Standardized Test Scores Optional for New Applicants
By Ladan Nekoomaram
Washington, DC—This fall, American University will not require undergraduate applicants to submit their SAT or ACT scores if they apply for early admissions. Regular admissions applicants will still need to submit their scores because the program is only taking a sample portion of the American admissions pool. Three percent of American’s undergraduate applications come from early admissions.
“We have chosen to focus on our early decision applicants specifically because it’s a much smaller subset of our 15,000 applications,” said Greg Grauman, acting director of undergraduate admissions. Since 2007, AU’s international students have not been required to submit SAT or ACT scores. He says their performance has helped the admissions office gauge the success of the test-optional program for other students.
“Some questions we’ll look at are, ‘what is the profile of the student who chooses not to submit their test score?’ I think there are assumptions people make. We’ll see how they’re fairing, how did they retain, and what’s their success,” Grauman said. “And as we look at our international students who did not submit test scores and they’ve been admitted, they’ve been successful and competitive students here. So that’s been promising.”
The Office of Enrollment set forth the proposal last year with support from the Office of the Provost. Grauman says the AU community has discussed this issue widely on campus for quite some time.
“It’s no less rigorous a review if one doesn’t have a standardized test score, but probably greater scrutiny will go to elements we already review,” he said.
American University’s move away from the SAT reflects a national trend towards the test-optional application. FairTest, The National Center for Fair and Open Testing, reports that nearly 60 schools have moved to the test-optional application process since the SAT took its new form in 2005. Most notably, the University of Colorado, New York University, Wake Forest University, and George Mason University have made the switch. Instead, they require a minimum GPA or class ranking for each applicant. Thirty-nine universities and colleges in the top two tiers of the 2008 U.S. News and World Report’s “Best National Liberal Arts Colleges” have gone test-optional as well. American’s admissions Web site says the policy will “further emphasize our belief that your academic performance is the most important consideration in our holistic review.”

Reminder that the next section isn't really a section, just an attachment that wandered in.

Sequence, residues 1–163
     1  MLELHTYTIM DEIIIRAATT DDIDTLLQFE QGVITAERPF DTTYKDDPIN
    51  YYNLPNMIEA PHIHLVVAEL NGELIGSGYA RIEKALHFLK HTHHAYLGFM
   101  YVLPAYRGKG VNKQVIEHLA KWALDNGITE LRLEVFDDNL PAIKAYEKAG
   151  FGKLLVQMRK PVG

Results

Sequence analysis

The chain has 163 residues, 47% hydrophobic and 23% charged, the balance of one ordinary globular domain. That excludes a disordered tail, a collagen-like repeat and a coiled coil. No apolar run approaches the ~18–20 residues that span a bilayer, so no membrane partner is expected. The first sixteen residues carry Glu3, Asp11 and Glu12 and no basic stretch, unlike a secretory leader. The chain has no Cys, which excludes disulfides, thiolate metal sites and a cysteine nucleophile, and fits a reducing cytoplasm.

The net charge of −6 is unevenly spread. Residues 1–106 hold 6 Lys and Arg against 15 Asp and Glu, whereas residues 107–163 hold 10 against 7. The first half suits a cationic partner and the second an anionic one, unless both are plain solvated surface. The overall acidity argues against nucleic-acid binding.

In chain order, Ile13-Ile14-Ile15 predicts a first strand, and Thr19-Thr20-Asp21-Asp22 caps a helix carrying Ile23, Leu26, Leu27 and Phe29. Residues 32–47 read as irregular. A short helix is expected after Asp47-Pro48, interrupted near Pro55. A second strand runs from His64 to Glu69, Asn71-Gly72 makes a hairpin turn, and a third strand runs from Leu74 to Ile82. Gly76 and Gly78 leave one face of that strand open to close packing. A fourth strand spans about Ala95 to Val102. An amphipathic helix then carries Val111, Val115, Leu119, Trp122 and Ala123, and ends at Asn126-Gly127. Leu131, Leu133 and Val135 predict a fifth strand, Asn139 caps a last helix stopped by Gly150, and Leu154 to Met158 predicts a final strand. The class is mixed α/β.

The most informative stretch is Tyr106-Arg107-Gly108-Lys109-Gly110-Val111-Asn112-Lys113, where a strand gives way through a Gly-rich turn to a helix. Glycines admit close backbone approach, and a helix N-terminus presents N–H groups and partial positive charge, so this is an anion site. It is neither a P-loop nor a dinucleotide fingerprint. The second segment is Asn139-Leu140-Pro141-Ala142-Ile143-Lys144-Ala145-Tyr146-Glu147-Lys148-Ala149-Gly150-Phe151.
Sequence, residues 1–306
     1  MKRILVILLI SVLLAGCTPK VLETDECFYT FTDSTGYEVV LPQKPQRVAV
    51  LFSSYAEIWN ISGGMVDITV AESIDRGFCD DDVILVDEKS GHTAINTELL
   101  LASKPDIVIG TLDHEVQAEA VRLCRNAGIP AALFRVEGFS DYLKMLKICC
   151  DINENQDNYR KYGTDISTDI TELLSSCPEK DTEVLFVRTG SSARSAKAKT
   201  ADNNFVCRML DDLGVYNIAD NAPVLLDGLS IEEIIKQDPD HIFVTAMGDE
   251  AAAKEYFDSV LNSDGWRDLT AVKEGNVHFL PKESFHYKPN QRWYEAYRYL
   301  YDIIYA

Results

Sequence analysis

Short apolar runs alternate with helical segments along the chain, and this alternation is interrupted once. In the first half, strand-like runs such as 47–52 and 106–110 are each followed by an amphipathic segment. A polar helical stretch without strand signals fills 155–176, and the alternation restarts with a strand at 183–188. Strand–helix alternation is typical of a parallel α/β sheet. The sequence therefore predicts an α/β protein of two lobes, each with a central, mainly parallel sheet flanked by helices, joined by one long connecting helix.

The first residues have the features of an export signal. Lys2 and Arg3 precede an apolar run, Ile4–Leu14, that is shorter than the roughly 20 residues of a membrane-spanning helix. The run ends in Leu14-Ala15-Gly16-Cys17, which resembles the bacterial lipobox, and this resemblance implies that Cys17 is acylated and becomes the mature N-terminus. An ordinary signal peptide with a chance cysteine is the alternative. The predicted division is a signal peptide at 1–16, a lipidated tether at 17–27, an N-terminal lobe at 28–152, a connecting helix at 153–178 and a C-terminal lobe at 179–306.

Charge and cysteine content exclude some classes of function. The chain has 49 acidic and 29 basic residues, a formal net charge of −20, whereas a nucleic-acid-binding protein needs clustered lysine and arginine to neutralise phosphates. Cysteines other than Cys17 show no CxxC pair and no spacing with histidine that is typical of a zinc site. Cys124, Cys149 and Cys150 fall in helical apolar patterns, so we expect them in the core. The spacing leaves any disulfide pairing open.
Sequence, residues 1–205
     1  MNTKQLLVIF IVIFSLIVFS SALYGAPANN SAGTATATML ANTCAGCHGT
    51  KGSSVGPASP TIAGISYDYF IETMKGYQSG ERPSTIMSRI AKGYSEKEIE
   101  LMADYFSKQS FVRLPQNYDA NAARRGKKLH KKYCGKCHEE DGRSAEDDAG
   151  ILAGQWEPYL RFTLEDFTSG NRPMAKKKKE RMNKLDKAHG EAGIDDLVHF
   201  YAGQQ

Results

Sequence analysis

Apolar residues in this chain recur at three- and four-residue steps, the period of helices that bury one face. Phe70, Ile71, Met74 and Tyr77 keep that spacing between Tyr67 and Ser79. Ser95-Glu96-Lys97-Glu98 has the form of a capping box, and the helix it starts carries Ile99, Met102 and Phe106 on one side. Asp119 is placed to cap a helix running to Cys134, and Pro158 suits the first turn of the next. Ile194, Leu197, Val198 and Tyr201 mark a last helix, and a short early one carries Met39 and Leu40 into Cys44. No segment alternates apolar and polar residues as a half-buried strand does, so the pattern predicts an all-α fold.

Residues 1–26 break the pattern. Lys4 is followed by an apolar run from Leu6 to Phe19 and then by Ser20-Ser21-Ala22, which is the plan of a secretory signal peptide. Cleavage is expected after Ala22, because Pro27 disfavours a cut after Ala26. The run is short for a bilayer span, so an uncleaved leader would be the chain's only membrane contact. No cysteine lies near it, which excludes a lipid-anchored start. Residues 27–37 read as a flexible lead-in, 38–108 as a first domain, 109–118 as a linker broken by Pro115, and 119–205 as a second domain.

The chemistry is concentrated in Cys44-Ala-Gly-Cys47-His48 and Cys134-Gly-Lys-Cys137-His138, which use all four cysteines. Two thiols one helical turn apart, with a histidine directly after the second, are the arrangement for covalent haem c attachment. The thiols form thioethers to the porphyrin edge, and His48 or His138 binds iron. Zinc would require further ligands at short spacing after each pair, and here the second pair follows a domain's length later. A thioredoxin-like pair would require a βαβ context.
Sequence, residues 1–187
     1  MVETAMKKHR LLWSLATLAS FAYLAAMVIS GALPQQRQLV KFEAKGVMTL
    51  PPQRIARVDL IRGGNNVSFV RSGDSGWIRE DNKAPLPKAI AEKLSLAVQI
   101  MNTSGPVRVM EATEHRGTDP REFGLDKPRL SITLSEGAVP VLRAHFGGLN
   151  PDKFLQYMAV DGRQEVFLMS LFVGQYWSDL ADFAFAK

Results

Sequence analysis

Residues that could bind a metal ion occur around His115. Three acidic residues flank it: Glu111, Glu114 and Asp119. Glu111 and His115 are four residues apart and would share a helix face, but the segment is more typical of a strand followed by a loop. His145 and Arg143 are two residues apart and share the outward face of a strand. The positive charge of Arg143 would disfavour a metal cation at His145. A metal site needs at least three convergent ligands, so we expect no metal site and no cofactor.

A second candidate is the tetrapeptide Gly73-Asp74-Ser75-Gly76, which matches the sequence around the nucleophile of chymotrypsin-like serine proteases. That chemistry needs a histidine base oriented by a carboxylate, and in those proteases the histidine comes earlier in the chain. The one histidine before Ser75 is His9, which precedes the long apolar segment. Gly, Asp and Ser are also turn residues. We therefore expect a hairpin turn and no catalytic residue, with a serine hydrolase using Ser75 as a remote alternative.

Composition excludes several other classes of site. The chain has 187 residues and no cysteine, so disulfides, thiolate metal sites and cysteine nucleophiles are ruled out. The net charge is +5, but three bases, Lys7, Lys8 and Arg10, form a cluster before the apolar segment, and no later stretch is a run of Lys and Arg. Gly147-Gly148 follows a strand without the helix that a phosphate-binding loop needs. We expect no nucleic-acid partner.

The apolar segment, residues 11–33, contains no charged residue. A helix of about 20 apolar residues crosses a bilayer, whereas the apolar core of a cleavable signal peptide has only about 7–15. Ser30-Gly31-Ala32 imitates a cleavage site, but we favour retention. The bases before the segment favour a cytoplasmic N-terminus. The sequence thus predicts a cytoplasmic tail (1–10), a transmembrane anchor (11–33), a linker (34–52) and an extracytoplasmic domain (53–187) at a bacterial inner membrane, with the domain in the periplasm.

Robert Schaeffer, director of public education at FairTest, says a growing number of schools have steered away from the standardized test requirement because they find merit in other aspects of a student’s application.
“They realize the test is not needed because they have more than enough information in the application portfolio—class rank, honors, leadership, community service… etc,” he said. However, he did note that FairTest cannot include American University’s pilot program because it includes certain applicants.
Current students object to the discrimination between the early and regular decision applicants, saying some students gain advantage over others.
“It’s like they’re rewarding them for having early decision because they know they want to come to AU, so it’s like they don’t want to have to look at SATs to have to turn them away,” said freshman Bridget Gales. “See, that’s not even fair. To me, that’s AU sucking up to those kids.”
Some students say that regular decision applicants are just as committed about the school as early decision applicants. Giving early decision applicants this advantage would be unfair, says freshman Cornelia Poku.
“ I really was going to do the early admission, but I wanted that essay to be on point, absolutely perfect, no problems with it, and I took it to multiple teachers, and that wasn’t going to happen in time,” said Poku.
Although the undergraduate application could shift with test-optional policy, the issue has not been raised in terms of graduate standardized tests like the GRE, GMAT or LSAT. Jill Grinager, assistant director of graduate services at the School of Communication, says she doesn’t foresee the switch to a GRE-optional program any time soon.
“I don’t anticipate that we will be waiving the GRE for our full-time applicants. We look at everything the graduate applicants submit to our attention, and the faculty are of the opinion that the GRE is a good indicator of a student’s ability to excel at a graduate level,” she said.
The Office of Enrollment will evaluate the program with the Office of Institutional Research and Assessment in the spring of 2010. At this time, they will ask students who did not submit their test scores to send them after they’ve made their seat deposits for further research. Grauman said the admissions office cannot predict the program’s results, nor can they say whether or not the test-optional policy will apply in the future.
“I could not see us even with a beneficial test rate to make the move to go the next cycle with everybody for a while,” said Grauman. “We’d be one of the largest competitive universities if that choice was ever made to do so.”